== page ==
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ARS Home » Pacific West Area » Corvallis, Oregon » Horticultural Crops Research » Research » Publications at this Location » Publication #301329

Research Project: Improved Strategies for Management of Soilborne Diseases of Horticultural Crops

Location: Horticultural Crops Research

Title: Methyl bromide phase out could affect future reforestation efforts

item Weiland, Jerry

Submitted to: Western Forester
Publication Type: Trade Journal
Publication Acceptance Date: 1/5/2014
Publication Date: 1/15/2014
Citation: Weiland, G.E. 2014. Methyl bromide phase out could affect future reforestation efforts. Western Forester. 59:8-10.

Interpretive Summary:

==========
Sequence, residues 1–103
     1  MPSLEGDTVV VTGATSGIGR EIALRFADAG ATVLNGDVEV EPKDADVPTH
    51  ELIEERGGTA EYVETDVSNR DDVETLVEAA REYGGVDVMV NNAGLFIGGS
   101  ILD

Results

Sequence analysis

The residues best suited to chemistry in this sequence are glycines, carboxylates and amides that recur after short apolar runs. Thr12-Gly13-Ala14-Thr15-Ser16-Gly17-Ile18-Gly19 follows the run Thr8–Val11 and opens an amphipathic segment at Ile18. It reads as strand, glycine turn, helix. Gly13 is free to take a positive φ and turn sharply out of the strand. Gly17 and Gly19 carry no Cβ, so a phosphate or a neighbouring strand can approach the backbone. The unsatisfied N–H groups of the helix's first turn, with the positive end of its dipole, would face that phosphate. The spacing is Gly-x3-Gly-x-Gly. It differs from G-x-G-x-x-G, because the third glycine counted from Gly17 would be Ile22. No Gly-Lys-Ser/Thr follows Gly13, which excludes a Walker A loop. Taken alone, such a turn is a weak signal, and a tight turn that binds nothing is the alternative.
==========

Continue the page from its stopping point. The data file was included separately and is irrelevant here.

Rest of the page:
Technical Abstract: Methyl bromide has long been an integral component in producing healthy tree seedlings in forest nurseries of California, Idaho, Montana, Oregon and Washington. The fumigant was supposed to be completely phased out of use in the United States of America by 2005, but many forest nurseries continue to use methyl bromide under the quarantine and preshipment exemption. This exemption allows the industry to continue to use methyl bromide to prevent the introduction, establishment, and spread of quarantine pests, including plant diseases. As of 2013, approximately 70% of the forest nurseries in the region still use methyl bromide, but its availability is expected to end soon. Currently, five fumigants are registered as replacements for methyl bromide by the Environmental Protection Agency, but additional research is needed to optimize their use in the forest nursery industry. Challenges faced by the industry in using these five fumigants include suburban encroachment on nursery borders, the availability of fumigants for use in the spring, and a lack of knowledge about the long-term effects of new fumigants on disease and pest control. In the short term, it may become increasingly expensive to obtain forest tree seedlings of the size and quality that foresters have come to expect. In the long term, fumigation will probably become increasingly difficult due to increased regulation and some nurseries may be forced to close or switch to containerized-seedling production.